Thursday, July 9, 2020

Gough: New Empirical Work on Employment Arbitration

GoughMark Gough (Penn St. School of Labor & Employment Relations) has posted on the ILR Review website his article A Tale of Two Forums: Employment Discrimination Outcomes in Arbitration and Litigation, Industrial & Labor Relations Rev. (forthcoming 2020). Rather than just posting his abstract, I'll post instead a summary I asked Mark to draft for me, which helps situate this empirical work among other empirical work on similar topics:

Most of the empirical literature comparing outcomes between forums uses relatively crude descriptive statistics to show stark differences in employee win rates and monetary award amounts within the populations cases disposed of in arbitration and litigation. Indeed, scholars have provided robust evidence on the resolution of employment disputes within individual forums such as:

  • The American Arbitration Association (AAA) – see, e.g., Alexander J.S. Colvin, An Empirical Study of Employment Arbitration: Case Outcomes and Processes, 8 J. Empirical Legal Studies 1 (2011); Lisa B. Bingham, On Repeat Players, Adhesive Contracts, and the Use of Statistics in Judicial Review of Employment Arbitration Awards, 29 McGeorge L. Rev. 223 (1998).
  • The Financial Industry Regulatory Authority (FINRA) – see, e.g., J. Ryan Lamare & David B. Lipsky, Employment Arbitration in the Securities Industry: Lessons Drawn from Recent Empirical Research, 35 Berkeley J. Employ. & Labor L. 113 (2014); J. R. Lamare, & D. B. Lipsky, Resolving Discrimination Complaints in Employment Arbitration: An Analysis of the Experience in the Securities Industry, Industrial & Labor Relations Rev. (2018).
  • Federal court – see, e.g., Kevin M. Clermont & Stewart J. Schwab, How Employment Discrimination Plaintiffs Fare in Federal Court, 1 J. Empirical Legal Studies 429 (2004).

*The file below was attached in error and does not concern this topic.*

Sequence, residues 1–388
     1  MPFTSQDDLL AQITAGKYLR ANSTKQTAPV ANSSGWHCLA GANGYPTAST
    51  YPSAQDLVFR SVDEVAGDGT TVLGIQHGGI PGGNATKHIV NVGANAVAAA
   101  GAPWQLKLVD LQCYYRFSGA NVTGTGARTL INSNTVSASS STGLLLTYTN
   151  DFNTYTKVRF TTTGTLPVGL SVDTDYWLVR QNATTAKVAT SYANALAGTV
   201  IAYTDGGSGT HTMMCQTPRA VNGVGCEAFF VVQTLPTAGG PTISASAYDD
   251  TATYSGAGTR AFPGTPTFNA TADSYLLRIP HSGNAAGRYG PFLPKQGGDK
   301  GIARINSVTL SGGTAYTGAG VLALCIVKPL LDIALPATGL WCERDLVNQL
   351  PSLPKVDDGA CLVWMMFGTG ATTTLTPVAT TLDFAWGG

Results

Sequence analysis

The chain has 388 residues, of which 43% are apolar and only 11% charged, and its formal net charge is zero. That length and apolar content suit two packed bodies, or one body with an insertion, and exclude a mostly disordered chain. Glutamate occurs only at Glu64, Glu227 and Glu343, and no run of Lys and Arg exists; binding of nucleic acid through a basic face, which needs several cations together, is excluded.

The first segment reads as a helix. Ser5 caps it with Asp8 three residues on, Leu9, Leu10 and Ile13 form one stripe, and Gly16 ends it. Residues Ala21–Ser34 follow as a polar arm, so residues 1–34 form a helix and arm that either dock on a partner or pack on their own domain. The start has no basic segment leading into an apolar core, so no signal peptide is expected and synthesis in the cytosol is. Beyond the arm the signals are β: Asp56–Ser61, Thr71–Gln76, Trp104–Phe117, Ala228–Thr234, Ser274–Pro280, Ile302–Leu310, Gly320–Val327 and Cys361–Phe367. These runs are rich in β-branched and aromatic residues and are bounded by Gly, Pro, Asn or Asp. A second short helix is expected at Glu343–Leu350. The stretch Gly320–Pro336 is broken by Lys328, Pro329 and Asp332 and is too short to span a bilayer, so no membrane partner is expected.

• State court – see, e.g., Theodore Eisenberg & Elizabeth Hill, Arbitration and Litigation of Employment Claims: An Empirical Comparison, 58 Dispute Resolution J. 44 (2003).

These studies often are used to support the perceptions of arbitration as an employee-unfriendly forum. See, e.g., Mark Gough, How Do Organizational Environments and Mandatory Arbitration Shape Employment Case Selection? Evidence From an Experimental Vignette, 57 Industrial Relations 541 (2018); Mark Gough, Employment Lawyers and Mandatory Employment Arbitration: Facilitating or Forestalling Access to Justice, 16 Advances in Industrial Relations 133 (2016). And while informative, a limitation of this literature is it provides minimal controls to account for systematic variation between forums. It is clear that the average monetary award and employee success rates at trial are lower in arbitration than litigation, but are employee claimants genuinely at a disadvantage in arbitration? Or does systematic variation exist within the underlying merits of cases, presence or quality of counsel, party resources, or other case characteristics which account for differences in outcomes between arbitration and litigation? In short, one must be careful to compare “apples to apples” when drawing evaluative conclusions about arbitration’s effect(s) on access to justice.